Where Do Great Ideas Come From?

If you only have a few minutes to spare, here’s what investors, operators, and founders should know about finding great ideas.

  • Tolerating failure. To foster a creative environment, you must make yourself comfortable with failure. A 2009 study demonstrates the impact of incentivizing experimentation among life scientists. When funded by a more permissive, long-term-minded grant, scientists achieved breakthrough innovations at much higher rates than peers receiving stricter grants.
  • The beginner’s mind. We are told that having a “beginner’s mind” can be a gift when analyzing a problem. The novice can often find solutions to which the expert is blind. A 2014 paper suggests that’s more than just rhetoric. When prompted to develop novel ideas, the study found that those with the leastoverlapping expertise were most ingenious.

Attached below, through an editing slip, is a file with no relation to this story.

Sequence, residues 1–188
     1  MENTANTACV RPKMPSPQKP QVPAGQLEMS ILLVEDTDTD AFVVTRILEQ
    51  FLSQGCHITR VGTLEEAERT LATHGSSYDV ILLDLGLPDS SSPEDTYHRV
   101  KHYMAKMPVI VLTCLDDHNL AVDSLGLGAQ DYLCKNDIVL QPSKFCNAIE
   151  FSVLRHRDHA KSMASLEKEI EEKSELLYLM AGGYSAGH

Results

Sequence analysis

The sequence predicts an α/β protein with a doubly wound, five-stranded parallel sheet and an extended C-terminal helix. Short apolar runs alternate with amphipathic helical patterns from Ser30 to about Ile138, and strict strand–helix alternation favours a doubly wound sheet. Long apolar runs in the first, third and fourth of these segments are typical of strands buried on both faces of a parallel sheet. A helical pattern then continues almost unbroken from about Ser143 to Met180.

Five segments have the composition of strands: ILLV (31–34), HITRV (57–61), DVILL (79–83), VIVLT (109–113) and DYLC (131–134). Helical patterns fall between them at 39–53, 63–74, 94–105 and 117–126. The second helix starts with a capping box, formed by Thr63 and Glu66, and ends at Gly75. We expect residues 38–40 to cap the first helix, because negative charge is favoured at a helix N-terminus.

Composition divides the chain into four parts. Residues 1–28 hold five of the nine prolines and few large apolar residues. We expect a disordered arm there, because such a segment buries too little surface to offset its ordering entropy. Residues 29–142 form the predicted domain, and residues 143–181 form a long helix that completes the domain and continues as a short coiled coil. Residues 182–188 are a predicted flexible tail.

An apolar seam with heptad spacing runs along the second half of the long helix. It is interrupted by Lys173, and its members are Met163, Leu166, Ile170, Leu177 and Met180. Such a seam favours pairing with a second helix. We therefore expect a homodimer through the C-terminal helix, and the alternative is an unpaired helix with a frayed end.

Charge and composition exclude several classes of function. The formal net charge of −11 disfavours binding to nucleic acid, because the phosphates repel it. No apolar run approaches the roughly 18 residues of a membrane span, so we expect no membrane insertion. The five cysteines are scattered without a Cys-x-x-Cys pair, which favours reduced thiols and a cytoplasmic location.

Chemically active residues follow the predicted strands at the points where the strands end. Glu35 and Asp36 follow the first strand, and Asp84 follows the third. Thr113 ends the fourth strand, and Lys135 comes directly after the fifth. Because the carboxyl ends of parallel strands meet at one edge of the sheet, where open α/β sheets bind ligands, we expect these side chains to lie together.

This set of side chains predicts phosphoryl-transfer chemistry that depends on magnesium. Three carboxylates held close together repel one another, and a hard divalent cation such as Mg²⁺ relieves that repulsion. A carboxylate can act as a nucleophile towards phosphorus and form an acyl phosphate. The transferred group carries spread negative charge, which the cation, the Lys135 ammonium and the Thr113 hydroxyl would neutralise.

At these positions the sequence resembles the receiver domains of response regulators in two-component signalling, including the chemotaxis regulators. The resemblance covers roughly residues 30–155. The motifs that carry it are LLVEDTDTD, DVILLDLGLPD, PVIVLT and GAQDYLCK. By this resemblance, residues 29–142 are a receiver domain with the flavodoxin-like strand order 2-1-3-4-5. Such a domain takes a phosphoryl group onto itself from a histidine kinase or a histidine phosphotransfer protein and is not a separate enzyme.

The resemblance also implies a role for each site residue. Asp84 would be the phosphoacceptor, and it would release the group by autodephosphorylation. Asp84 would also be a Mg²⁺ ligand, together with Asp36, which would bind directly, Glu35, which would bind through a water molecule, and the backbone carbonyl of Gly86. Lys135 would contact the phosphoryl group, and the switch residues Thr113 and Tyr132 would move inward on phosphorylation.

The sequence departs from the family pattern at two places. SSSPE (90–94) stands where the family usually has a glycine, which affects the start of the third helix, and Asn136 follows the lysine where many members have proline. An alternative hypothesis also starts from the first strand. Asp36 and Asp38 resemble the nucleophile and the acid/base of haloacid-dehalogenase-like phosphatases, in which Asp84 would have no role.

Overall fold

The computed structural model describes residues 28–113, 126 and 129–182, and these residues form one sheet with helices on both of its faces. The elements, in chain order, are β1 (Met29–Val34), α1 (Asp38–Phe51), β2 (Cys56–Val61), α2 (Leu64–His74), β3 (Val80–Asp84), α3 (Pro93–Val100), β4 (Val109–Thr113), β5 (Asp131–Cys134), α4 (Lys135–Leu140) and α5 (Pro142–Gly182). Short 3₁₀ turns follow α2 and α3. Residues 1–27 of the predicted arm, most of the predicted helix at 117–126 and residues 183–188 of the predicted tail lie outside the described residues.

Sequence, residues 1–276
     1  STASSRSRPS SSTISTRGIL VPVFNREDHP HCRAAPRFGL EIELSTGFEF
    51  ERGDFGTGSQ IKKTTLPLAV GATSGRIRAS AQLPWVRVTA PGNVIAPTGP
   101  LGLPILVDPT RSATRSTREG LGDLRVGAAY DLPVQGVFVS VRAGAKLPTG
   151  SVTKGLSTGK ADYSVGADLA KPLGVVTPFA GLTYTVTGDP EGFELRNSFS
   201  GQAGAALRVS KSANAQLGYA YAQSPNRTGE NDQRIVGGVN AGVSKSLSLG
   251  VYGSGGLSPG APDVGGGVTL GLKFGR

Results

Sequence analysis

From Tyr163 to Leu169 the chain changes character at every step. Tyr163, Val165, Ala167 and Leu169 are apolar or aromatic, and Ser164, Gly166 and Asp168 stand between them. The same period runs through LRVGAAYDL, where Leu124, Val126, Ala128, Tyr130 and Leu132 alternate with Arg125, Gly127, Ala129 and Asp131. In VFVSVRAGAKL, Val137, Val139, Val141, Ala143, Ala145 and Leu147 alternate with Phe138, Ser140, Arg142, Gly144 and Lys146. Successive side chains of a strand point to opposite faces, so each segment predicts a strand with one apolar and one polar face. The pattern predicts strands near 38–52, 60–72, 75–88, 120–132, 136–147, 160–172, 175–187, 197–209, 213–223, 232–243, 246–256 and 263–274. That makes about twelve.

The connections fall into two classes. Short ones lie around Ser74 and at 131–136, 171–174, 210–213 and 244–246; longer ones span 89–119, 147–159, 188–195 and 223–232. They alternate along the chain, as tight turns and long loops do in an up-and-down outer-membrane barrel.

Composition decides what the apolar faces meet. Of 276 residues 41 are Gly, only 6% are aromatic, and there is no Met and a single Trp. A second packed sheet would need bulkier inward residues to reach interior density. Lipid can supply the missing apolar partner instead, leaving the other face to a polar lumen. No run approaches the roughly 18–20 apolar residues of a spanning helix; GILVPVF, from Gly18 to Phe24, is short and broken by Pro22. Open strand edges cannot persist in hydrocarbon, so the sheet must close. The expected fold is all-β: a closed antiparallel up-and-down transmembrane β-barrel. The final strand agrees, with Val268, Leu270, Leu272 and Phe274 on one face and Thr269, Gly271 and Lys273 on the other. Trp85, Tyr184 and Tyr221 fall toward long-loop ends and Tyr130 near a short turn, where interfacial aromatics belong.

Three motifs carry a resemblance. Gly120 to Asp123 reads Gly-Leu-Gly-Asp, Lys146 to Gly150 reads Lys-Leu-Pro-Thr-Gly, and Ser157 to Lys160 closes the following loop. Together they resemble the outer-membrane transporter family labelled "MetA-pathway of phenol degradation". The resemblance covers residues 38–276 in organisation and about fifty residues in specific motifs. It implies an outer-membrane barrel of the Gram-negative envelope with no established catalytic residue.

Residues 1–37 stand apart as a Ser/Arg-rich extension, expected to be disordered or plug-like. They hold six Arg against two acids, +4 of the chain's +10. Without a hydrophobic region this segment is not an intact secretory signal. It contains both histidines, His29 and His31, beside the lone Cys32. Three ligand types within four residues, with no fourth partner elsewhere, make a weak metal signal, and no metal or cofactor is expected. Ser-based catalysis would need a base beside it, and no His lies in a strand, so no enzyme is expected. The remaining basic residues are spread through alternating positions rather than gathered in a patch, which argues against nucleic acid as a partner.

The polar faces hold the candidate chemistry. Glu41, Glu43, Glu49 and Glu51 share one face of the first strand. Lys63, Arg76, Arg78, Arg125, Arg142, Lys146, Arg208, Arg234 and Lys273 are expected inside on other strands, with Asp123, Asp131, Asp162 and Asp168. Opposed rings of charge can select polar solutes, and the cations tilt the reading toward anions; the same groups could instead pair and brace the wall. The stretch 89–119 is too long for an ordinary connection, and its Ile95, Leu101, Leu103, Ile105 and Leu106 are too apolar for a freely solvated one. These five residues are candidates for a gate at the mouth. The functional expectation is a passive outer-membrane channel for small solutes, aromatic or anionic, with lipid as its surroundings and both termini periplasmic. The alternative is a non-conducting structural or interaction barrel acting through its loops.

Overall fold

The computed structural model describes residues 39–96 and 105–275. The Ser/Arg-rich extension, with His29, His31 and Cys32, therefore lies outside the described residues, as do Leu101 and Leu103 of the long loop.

• Structural holes. Where within an organization do the best ideas come from? Ronald Burt’s 2004 work offers an answer. Those that position themselves near “structural holes,” gaps in an organization’s network, tend to be especially creative. By connecting disparate groups, these “brokers” become sources of ingenuity.
  • Motivating innovation. If you want an innovative R&D team, hire the intrinsically motivated. An analysis of 11,000 research scientists found a connection between creative output and the reasons individuals chose their current role. Those that optimized for salary or job security were less innovative than scientists motivated by independence or the desire for an intellectual challenge.

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